The GM meetings in Florida are over. Note:

  • The San Diego Padres traded their shut-down closer, Craig Kimbrel, to the Boston Red Sox for four prospects.

These two facts are related, perhaps tightly. It was reported by many that the Red Sox were an aggressive suitor for Chapman. Given the source of the infamous “by this weekend” rumors (Peter Gammons) it wouldn’t be a surprise his information came from the Red Sox organization. Boston was a great match for the Reds since they have a deep system of position player prospects. They also have a new GM with a track record of overpaying for veteran ninth-inning security (ask Joe Nathan). If ever there was a situation where the Reds could hope for a blockbuster package for Chapman, that was it.

To be sure, Kimbrel and Chapman were different commodities because of their contracts. Kimbrel has two guaranteed years remaining, plus a team option third year at $13 million. Chapman, on the other hand, will be a free agent at the end of 2016.

The Reds might have lost out because the Red Sox had a substantial preference for a long-term arrangement. But it still comes down to the competing offers. Chapman would have come cheaper than Kimbrel, who cost a lot, and the Red Sox could have used the year to develop or acquire another arm to close. Multi-year contracts are a huge risk with hard-throwing pitchers (again, ask Joe Nathan). Despite the contract length differences, the Reds had a persuasive case to make.

Here’s the rub. How much less were the Reds asking for Chapman?

At last July’s trade deadline, reports indicated the Reds expected a huge return – one elite plus two “better than average” prospects for Chapman. If they were still asking for that kind of package, it’s no surprise they lost out to the Padres. Despite how unreasonable that seems, no close follower of the Reds would be shocked to learn it. The Reds front office has overvalued Chapman’s role for years. They have judged his value as closer to be greater than as an ace starting pitcher. From that standpoint, you can see why they would expect a trade return equal to or better than a top-of-rotation starter.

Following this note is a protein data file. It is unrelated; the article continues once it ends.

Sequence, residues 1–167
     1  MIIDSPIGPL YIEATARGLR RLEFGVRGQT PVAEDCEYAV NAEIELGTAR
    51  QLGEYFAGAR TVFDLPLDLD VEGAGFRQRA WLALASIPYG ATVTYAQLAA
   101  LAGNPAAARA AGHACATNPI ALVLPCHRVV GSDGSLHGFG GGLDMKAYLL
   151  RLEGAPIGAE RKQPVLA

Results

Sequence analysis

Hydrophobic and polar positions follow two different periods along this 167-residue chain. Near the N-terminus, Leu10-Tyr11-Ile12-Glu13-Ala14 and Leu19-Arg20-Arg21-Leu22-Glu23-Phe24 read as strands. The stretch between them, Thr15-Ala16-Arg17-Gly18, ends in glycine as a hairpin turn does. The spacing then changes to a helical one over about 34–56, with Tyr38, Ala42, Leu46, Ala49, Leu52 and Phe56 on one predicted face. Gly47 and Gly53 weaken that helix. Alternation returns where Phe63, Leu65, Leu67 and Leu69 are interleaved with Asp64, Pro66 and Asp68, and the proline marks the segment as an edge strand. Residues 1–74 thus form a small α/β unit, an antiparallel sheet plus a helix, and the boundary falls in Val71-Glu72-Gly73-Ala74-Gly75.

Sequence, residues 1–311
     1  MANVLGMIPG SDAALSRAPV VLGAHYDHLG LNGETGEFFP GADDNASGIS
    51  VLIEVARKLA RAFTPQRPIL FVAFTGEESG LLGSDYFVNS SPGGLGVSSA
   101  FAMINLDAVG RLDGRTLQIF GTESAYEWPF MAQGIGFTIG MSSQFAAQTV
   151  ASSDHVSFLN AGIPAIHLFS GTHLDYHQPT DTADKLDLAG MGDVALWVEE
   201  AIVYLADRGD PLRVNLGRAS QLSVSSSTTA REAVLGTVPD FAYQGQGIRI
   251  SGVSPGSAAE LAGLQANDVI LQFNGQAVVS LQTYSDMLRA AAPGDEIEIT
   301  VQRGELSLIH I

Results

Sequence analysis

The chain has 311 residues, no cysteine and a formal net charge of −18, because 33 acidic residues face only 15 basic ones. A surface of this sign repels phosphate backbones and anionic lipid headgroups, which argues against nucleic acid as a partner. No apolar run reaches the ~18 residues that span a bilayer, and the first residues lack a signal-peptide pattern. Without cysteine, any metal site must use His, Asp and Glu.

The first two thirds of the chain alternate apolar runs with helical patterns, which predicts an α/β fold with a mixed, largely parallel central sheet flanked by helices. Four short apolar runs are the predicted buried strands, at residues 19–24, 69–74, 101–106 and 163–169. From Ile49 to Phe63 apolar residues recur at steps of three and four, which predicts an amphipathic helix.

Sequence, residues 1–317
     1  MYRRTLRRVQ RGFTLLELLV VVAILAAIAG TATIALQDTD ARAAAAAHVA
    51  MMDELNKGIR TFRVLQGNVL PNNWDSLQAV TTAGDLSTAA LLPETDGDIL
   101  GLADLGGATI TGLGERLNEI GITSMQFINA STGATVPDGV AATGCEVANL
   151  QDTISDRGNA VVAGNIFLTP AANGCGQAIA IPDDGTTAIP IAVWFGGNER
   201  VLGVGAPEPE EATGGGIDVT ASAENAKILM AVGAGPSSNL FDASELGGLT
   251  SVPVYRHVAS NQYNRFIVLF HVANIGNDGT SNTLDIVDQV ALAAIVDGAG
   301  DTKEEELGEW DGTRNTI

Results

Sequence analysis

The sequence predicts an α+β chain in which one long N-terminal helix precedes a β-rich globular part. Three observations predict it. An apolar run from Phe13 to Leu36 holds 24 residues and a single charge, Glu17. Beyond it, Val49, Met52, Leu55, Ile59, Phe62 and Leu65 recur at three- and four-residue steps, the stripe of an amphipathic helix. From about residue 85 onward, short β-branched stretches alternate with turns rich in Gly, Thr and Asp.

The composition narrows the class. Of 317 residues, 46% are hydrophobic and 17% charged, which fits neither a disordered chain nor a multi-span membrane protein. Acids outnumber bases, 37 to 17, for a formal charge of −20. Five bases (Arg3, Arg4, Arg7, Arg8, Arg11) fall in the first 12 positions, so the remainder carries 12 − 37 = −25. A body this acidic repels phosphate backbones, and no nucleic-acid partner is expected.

Compounding that mistaken valuation, other closers – Mark Melancon (PIT), Jonathan Papelbon (WAS), Andrew Miller (NYY), Brad Boxberger (TBR) and Ken Giles (PHI) – may be on the market. With the expanding legion of stats-minded decision-makers in baseball’s front offices, how many organizations are still willing to sacrifice major assets for 70 innings of relief pitching, no matter how established and electrifying?

After the Kimbrel trade, Dick Williams, the new GM for the Reds didn’t inspire a lot of confidence or negotiating strength. He gave this We Feels statement to Mark Sheldon:

“We didn’t feel like we missed out on a deal with them (Red Sox). There will be other teams that are interested in Chapman. I don’t control who is out there or who will be interested. We feel that there are other offers. We feel that he’s the best closer out there, so [we] hope good stuff can happen.”

The first sentence is disingenuous. No one believes that Boston wasn’t a potential trade partner for Chapman. That lack of candor is no way to build trust and support among the fans. The rest of Williams’ statement – in future tense – implies other teams haven’t yet shown an interest in Chapman. That’s also hard to believe. Wouldn’t it strengthen the Reds’ hand to create the impression there IS (not will be) demand for Chapman? The claims that he doesn’t “control who is out there” and “we feel that there are other offers” are loose and sounds like an excuse for failure. Again, it smacks of weakness.

How about this instead:

“We were working on a promising deal with Boston, but in the end they opted for three years of team control instead of one. But the Red Sox are just one team. Others are rightly interested in Chapman because he’s the best closer out there and can make a huge difference for a contending team. The market for him remains strong.” 

Public statements like the one from Dick Williams above do confirm the Reds’ plan to trade Aroldis Chapman. In fact, they apparently have prioritized it to the front of their offseason agenda. That’s a step in the right direction.

While the GM meetings may be over, the fact is the Reds could make a deal to trade Chapman at any moment. Yes, they missed out on Boston, there’s one less team out there shopping. If you’re looking for a silver lining, the Red Sox-Padres deal did set a high price in the elite closer market. And that market now goes through Joe Nuxhall Way.

Whatever team acquires Chapman will make a qualifying offer to him at the end of 2016. So they will receive a compensatory draft pick when Chapman declines the QO to enter free agency. That means the Reds are offering Chapman and a good draft pick. It’s still reasonable to expect two strong prospects in return – essentially one for Chapman’s unmatched left arm and one for the pick.